Saturday, November 17, 2007

Christmas Book List

Edited from a post I made on the Homeschool-MovingOn yahoo group.  I plan to add to this list every Christmas.  I need to have it in a nice, permanent place, as I got through this past Christmas totally forgetting quite a few of the titles on this list.


How the Grinch Stole Christmas (I know, I had to start with the most spiritual one of all, didn't I?  But I *have* to read it for Christmas)

Christmas Carols for a Kid's Heart by Bobbie Wolgemuth

Jotham's Journey series - Jotham’s Journey, Bartholomew’s Passage, Tabitha’s Travels - by Arnold Ytreeide 

The Crippled Lamb by Max Lucado

Jacob's Gift by Max Lucado

My Prairie Christmas by Brett Harvey

Lion Storyteller Christmas by Bob Hartman - we love this one :)

Christmas Miracle of Jonathan Toomey by Susan Wojciecowski

Legend of the Poinsettia by Tomie dePaola (and there are a few others by him too, Clown of God for one)

Best Christmas Pageant Ever by Barbara Robinson

The Trees of the Dancing Goats by Patricia Polacco

Gift of the Magi by O Henry (when it isn't in a collection we're reading already!)

The Tale of Three Trees by Angela Elwell Hunt

Christmas Tree Farm by Ann Purmell

Grandfather's Christmas Tree by Keith Strand

Jesus by Brian Wildsmith 

Christmas in my Heart by Joe Wheeler (there are numerous volumes)

Light at Tern Rock by Julia Sauer

The Farolitos of Christmas by Rudolfo Anayo

Christmas on the Prairie by Joan Anderson

Christmas Blizzard by Helen Ketteman

The Year of the Perfect Christmas Tree by Gloria Houston

One Wintry Night by Ruth Bell Graham

The Christmas Carol by Charles Dickens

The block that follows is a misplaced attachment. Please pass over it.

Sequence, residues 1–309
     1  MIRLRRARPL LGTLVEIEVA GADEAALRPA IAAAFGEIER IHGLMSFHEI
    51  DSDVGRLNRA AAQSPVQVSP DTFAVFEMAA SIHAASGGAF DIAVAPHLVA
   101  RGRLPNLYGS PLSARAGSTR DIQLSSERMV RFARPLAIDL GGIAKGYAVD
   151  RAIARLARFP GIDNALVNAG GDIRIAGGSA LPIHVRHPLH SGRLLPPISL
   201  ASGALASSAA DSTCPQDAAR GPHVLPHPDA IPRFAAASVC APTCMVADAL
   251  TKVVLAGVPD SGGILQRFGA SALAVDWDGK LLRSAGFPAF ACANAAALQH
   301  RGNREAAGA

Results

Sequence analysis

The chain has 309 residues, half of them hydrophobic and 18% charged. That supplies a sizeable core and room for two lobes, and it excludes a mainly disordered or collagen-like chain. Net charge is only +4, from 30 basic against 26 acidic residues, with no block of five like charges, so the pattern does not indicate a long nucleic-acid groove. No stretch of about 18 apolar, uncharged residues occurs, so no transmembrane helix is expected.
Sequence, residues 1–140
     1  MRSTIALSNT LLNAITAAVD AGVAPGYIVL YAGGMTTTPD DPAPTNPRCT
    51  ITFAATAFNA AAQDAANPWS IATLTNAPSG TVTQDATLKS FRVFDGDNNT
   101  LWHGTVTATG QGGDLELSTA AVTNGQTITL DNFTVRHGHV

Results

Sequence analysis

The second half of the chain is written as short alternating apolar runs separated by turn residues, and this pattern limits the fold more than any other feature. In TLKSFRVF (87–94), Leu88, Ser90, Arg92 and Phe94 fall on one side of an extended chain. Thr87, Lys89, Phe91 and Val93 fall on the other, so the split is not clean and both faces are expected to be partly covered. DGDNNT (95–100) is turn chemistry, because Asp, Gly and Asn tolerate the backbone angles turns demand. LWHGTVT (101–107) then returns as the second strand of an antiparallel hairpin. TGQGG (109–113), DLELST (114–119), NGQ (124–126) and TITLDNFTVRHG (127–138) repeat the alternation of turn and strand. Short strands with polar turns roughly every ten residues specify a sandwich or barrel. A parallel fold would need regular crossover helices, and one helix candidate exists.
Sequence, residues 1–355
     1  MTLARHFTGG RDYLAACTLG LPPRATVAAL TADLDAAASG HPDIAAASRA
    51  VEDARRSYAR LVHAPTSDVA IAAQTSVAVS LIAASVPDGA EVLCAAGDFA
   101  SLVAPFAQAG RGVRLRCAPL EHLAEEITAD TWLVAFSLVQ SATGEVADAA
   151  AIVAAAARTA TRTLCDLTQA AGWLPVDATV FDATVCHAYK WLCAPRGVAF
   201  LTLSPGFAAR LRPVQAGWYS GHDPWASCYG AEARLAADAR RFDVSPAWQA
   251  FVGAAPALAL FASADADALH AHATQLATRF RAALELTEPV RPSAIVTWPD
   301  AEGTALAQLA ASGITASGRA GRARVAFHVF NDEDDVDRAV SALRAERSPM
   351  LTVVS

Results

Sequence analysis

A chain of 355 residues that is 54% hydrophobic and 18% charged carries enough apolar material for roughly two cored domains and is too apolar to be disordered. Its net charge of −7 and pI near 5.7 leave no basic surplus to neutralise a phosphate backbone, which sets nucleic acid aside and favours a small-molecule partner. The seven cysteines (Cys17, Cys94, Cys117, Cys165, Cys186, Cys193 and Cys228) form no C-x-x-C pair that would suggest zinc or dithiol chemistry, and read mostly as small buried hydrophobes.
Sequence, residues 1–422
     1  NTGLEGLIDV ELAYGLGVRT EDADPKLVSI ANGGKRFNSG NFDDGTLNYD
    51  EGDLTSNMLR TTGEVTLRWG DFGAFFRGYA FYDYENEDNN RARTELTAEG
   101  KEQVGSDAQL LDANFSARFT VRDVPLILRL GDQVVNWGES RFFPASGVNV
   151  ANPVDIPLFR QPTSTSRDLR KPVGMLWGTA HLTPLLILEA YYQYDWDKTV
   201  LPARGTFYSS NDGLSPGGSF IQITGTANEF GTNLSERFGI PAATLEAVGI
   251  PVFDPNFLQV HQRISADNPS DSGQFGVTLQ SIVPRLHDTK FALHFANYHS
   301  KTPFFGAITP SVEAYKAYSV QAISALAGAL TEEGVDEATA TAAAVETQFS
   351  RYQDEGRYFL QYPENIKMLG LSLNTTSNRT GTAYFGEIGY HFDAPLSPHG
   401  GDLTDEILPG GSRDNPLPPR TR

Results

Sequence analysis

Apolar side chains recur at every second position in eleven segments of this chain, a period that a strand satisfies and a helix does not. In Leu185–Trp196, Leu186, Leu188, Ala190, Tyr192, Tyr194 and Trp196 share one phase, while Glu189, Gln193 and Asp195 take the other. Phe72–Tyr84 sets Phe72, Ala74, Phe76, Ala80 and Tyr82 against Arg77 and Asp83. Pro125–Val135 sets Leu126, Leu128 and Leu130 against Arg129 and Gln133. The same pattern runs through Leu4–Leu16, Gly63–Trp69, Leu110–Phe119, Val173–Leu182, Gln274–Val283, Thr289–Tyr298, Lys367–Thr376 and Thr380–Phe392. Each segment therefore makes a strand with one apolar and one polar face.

I know there are others... but there's a start of a list :)

Tuesday, October 16, 2007

Treating kids differently

The big thing I keep telling myself is that I love my kids too much to treat them all the same.  This means a number of things to me.  First, it means that if I go do one-on-one time with one of my kids, I can take one to Panda Express (his favorite!), I can go shop for new shoes for another with a stop for hot chocolate at Starbucks, and I can take another to a movie.  I don't have to drag them all to Panda Express (I have one who would consider that a punishment, not a reward).

But the bigger thing is that it means that I'm granting myself permission to school them each differently.

My oldest attended MOPS as a preschooler.  My current 3-year-old attends Cub Scout meetings, even though he won't be able to join for another 2.5 years (and yes, he knows how long it will be until he can join).  Is one of them better off?  I don't think so.

My oldest heard stories like Goodnight Moon and Paddington Bear when he was three.  My current 3-year-old rarely gets a picture book (though we're doing some), instead listening to stories like King Arthur and Little House on the Prairie.  Which one is getting the better education?  I don't know.

My oldest spent lots of time with creative play with Duplos.  My current 3-year-old is more likely to be helping to create a model of ancient Rome or to recreate a Civil War battle scene.  I can tell you my current 3-year-old enjoys his Duplo time far more than my oldest did.

My oldest got plenty of one-on-one time and lots and lots of books.  My current 3-year-old has big brothers teaching him to play chess, how to play marbles, how to play catch, and even how to read.  Who is at the advantage here?  I could argue either way.

My oldest spent hours teaching himself math through play.  My current 3 year old just sits in on all his brothers' lessons and is picking up math concepts even I can't believe.  My oldest might have the advantage, but then again... well, I don't know.

I can come up with long, long lists of things my 3-year-old is missing out on.  Picture books, snuggle time - those are the biggies.  My current 3-year-old is getting a lot that his bigger brothers didn't though - active time outdoors is one big one.

Comment on my original blog:

Anonymous -

sounds like my life...glad its not just me

Saturday, May 16, 2009 - 10:20 PM